3. 3. SUPERIOR COURT OF ARIZONA MARICOPA COUNTY CV 2013-012936 11/18/2013 As a matter of law, statements or actions amounting to protected speech are not “improper” for tort purposes. See, e.g., Gardner v. Martino, 563 F.3d 981, 992 (9th Cir. 2009) (“[W]hen a claim of tortious interference with business relationships is brought as a result of constitutionally-protected speech, the claim is subject to the same first amendment requirements that govern actions for defamation.”). Thus, for example, if someone wants to post on the internet a negative opinion about a business, that is protected speech even if the posting is designed to negatively affect a business by steering customers away. On the other hand, threats and extortion are not protected speech. See, e.g., State v. Jacobs, 119 Ariz. 30, 33, 579 P.2d 68, 71 (App. 1978) (attempting to obtain monetary gain by threatening or promising unlawful conduct is not protected speech); United States v. Coss, 677 F.3d 278, 289 (6th Cir. 2012) (extortionate threats are not protected speech). So which is it here: a constitutionally protected internet boycott or economic extortion? The answer is a little of both. Criticizing someone for doing business with a company one wishes to boycott is protected speech, even if hyperbole or extreme language is used. Threatening to shut down someone’s business through defamatory internet postings is not. The following hypothetical illustrates the fine line between improper economic extortion and protected speech. Believing that a local clothing shop sells products made with slave labor, a local group stages a boycott. They stand outside the shop and take note of who is entering. They tell customers that anyone shopping there will be listed on their website as a customer who supports slave labor. And then they make good on the threat. This kind of protest is protected speech. What if instead of exposing the customers for patronizing the shop, the protestors threaten to list shoppers on the internet as sex offenders? This is not constitutionally protected speech and would be “improper” for tort purposes. Threatening to defame someone is not constitutionally protected, even if done for noble purposes. Moreover, even exposing or threatening to expose true facts about someone is not protected speech if done to coerce some unrelated action. This is true even if disclosing those facts would itself constitutionally protected. For example, while maintaining a website listing local sex offenders is constitutionally protected, the first amendment does not protect threatening to expose someone as a sex offender unless he or she stops patronizing the local clothing shop that sells products made with slave labor. And it is not just the threat that lacks first amendment protection, it is the disclosure that makes good on the threat. Both are extortion. Neither is constitutionally protected. Docket Code 926 Form V047 Page 3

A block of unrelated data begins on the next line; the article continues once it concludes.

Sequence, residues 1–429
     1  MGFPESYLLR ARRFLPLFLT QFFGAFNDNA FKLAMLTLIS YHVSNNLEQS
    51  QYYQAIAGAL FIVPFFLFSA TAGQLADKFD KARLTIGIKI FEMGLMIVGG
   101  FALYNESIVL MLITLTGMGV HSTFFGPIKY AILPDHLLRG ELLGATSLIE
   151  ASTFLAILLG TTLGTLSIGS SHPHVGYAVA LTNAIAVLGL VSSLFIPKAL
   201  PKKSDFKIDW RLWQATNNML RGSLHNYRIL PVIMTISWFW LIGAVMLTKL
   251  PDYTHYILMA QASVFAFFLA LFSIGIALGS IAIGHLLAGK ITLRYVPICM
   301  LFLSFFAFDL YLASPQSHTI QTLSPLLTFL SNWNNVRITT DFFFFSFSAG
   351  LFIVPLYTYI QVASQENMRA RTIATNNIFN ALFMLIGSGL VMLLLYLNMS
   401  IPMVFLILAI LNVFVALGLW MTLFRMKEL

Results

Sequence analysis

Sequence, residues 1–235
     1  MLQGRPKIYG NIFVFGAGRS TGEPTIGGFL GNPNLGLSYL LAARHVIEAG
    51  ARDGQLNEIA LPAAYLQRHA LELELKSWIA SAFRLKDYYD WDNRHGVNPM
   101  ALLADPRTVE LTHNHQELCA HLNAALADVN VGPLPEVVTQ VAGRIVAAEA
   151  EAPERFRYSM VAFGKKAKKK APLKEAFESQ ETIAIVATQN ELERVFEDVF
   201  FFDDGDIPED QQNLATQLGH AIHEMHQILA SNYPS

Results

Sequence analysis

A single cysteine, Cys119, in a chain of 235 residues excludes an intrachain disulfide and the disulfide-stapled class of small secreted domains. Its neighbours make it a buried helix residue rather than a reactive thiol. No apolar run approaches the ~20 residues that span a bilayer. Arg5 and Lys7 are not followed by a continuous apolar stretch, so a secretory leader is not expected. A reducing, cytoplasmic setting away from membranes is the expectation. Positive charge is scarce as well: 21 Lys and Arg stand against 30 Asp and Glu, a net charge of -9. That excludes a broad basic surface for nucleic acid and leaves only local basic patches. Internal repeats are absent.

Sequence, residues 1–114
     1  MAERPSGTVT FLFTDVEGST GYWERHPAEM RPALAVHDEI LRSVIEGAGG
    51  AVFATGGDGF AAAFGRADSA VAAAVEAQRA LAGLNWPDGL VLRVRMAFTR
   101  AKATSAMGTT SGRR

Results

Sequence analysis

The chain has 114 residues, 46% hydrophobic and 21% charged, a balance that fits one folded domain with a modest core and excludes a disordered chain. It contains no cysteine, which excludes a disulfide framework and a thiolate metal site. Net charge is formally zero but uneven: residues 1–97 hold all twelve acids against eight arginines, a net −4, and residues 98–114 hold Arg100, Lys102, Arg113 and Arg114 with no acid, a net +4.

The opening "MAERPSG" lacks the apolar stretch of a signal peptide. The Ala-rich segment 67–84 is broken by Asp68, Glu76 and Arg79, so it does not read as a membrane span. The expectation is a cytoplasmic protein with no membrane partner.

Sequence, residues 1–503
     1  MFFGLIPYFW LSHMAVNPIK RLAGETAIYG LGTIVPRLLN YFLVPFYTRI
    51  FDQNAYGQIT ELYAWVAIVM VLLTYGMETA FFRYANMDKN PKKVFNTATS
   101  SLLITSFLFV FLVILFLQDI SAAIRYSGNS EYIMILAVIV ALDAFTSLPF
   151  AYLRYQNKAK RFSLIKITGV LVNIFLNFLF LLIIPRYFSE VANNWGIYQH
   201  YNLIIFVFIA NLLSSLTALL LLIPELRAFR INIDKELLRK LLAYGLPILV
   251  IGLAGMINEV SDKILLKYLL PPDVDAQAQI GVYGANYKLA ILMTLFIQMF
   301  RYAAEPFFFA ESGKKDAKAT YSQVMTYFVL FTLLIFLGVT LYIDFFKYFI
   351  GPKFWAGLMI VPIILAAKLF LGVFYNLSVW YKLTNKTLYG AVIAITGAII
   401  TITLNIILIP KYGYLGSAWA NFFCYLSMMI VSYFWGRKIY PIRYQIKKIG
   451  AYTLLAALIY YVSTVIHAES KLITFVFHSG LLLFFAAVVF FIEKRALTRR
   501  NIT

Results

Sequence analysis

4. 4. SUPERIOR COURT OF ARIZONA MARICOPA COUNTY CV 2013-012936 11/18/2013 Applying these principles, Defendant Roberts is free to stage an internet boycott of Xcentric, and is free to include in the boycott those who do business with it. Both his threat to boycott those who do business with Xcentric and his postings that make good on the threat are protected speech, so long as all he does is expose their decision to do business with Xcentric. What he may not do is post false information about those businesses. Nor may he post other negative information (including pure opinion) that is unrelated to Xcentric if the purpose of doing so is to coerce customers not to do business with Xcentric. These things are extortion, and they are not constitutionally protected. Turning to the postings in this case, the court finds that everything in and consists of protected speech. In those websites, Roberts effects his protest against Xcentric advocating the boycott of companies that do business with Xcentric. And while he uses extreme metaphor and hyperbolic language, no reasonable reader would take that language to mean that either Xcentric or its customers are actually terrorists. The parties argue over whether Xcentric is a “consumer advocacy website” or a “legally shielded extortion scheme,” but the court neither can nor must decide whether Xcentric wears a black hat or a white one. There may be different opinions about Xcentric on the internet and it is not the role of the court to enforce one over the other. The website is different. Rather than simply advocating a boycott, it engages in extortion both by threatening to post negative reviews about Xcentric’s customers, and by posting negative and false reviews about them. The court finds that’s negative reviews about Hagen Companies and Alpha Arms are false. Its several negative reviews of Alpha Arms purport to be from training course customers, but Alpha Arms has no training course customers. Its several negative reviews of the Hagen Companies purport to be from employees or investors, but Hagen Companies has no employees or investors. Even if those reviews were true, however, they are extortive and therefore not constitutionally protected. One cannot threaten to disclose negative information about someone if they fail to do what you want. This is no different from the paparazzi who threaten to reveal embarrassing photos unless their demands are met. The court finds a strong likelihood of success on the merits as to the postings on, but not as to the postings on and Docket Code 926 Form V047 Page 4